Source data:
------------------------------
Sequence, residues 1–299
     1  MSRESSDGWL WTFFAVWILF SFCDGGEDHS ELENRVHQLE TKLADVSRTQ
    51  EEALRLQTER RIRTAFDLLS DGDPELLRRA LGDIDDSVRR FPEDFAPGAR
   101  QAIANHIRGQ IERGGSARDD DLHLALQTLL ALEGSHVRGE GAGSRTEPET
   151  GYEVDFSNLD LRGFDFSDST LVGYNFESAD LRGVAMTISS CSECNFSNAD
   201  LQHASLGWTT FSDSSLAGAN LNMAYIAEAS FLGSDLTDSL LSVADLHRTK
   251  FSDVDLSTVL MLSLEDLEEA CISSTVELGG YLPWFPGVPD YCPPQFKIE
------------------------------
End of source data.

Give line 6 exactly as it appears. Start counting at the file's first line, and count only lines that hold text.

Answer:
   201  LQHASLGWTT FSDSSLAGAN LNMAYIAEAS FLGSDLTDSL LSVADLHRTK